Dr Waheed Arshad is a Botanical Data Specialist from Candide Gardening. From pressing plants at school to graduating with a PhD, Waheed's journey as a botanist has been incredibly interesting, and he's just getting started.
In my penultimate road trip post, I'll cover a few of the plants I spotted in Gloucester, Worcester and Shropshire, including a recipe for instant love, an unlikely member of a cathedral garden and a soul guiding fruit.
October is Breast Cancer Awareness Month, an annual campaign that aims to highlight research into breast cancer. Last month, my wonderful Mum was diagnosed with early stage breast cancer. While she's undergoing treatment, I decided I would distract myself by doing what I do best - researching plants.
This post was comprised of three locations close to my heart for a variety of reasons. In Devon, Cornwall and Somerset, we meet an unlikely inhabitant of a burnt down church, one with a different reproductive system and one with a whole Japanese festival tied to it.
Moving round the coast to East Sussex, Wiltshire and Dorset, lets look at a few more plants, including one used in Victorian wine, one used in gin and a clarification on when an algae is a plant and when it's not.
Let's take a look at some of the plants I spotted in Hampshire, Kent and Surrey, including one with cute names, one with unusual toxicity and one that proves beer can be medicinal.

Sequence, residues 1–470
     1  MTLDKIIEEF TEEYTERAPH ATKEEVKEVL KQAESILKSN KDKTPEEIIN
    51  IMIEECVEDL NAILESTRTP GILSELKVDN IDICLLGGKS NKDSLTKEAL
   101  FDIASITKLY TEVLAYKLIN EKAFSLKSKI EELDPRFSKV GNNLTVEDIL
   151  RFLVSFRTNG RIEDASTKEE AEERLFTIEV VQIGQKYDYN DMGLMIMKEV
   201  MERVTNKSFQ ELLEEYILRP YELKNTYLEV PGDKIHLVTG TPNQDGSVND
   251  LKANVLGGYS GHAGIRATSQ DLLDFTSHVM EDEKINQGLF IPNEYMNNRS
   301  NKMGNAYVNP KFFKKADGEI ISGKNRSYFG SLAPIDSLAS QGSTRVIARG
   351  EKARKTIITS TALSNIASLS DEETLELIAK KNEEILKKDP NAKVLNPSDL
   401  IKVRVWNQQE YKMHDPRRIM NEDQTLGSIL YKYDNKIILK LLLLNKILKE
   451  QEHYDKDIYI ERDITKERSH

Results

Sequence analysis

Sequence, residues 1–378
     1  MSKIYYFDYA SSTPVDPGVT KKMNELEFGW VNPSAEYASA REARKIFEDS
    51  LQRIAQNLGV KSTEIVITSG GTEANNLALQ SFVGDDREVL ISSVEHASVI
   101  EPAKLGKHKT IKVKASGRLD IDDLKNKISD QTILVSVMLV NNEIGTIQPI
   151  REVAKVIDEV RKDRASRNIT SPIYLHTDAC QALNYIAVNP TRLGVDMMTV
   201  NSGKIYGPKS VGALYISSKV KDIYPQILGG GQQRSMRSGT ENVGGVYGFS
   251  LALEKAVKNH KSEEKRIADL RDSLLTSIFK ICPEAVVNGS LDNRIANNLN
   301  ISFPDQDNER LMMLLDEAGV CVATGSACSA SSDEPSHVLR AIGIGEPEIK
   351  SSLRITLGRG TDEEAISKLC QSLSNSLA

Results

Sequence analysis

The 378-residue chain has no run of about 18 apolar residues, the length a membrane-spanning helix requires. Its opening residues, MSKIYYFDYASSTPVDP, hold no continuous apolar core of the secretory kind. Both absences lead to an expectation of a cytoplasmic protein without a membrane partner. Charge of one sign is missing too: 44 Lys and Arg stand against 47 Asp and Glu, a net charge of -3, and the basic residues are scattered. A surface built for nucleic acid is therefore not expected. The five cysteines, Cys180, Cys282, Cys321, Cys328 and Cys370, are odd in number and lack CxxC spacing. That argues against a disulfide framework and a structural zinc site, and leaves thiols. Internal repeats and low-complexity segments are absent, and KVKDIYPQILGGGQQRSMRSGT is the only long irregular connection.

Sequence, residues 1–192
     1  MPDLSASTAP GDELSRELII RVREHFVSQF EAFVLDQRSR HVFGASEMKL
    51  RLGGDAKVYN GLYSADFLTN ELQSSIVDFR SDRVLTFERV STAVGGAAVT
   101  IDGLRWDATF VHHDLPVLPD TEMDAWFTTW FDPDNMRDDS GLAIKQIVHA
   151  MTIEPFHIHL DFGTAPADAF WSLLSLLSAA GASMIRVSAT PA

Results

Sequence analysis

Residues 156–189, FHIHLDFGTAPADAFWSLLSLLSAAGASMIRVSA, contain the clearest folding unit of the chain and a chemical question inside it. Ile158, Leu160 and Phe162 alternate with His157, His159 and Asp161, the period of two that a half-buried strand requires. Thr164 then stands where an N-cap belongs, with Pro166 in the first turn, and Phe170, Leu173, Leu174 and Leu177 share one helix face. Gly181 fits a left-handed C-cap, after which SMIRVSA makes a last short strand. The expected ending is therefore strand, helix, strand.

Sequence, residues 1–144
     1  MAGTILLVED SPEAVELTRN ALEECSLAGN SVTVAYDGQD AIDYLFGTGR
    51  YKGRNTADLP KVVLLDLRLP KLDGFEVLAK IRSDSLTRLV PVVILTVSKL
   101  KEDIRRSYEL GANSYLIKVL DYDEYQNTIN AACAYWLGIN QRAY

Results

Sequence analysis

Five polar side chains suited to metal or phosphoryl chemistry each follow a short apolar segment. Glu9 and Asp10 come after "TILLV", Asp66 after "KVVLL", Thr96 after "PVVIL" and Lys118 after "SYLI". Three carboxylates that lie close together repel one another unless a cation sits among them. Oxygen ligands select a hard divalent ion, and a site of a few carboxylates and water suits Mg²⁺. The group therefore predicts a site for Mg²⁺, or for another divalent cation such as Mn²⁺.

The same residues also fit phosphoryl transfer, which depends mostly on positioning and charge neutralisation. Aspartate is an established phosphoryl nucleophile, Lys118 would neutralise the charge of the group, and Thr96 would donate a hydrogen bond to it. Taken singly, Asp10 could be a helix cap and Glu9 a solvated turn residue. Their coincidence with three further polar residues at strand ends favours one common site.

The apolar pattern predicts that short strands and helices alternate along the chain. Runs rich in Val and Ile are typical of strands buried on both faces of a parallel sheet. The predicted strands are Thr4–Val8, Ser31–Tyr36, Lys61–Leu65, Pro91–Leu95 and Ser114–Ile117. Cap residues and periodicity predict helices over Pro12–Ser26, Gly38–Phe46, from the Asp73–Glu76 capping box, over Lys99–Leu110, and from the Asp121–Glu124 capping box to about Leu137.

In the Northern hemisphere, September means welcoming Autumn back while still clinging to the last of the Summer warmth. This dazzling September favourite is the perfect transitional plant as we move into Autumn, with their colourful, summery petals and warm, autumn coloured inflorescences.
Pokémon (short for Pocket Monsters) is a game in which human characters capture and train Pokémon to battle each other. In this post, we're playing "Who's the Pokémon?" and meeting their real-life plant counterparts.
With this August being the hottest the UK has seen for the last 17 years, it seems fitting that this fiery, energetic flower is its symbol. Gladioli have found worldwide fame and feature heavily in art, folklore and popular culture.
If it looks like a plant and it acts like a plant, it could be an animal, algae or fungus. Organisms are beautifully diverse, but sometimes the lines between them can be blurry and it's not until you look at their micro-structures that you realise they're not the same at all.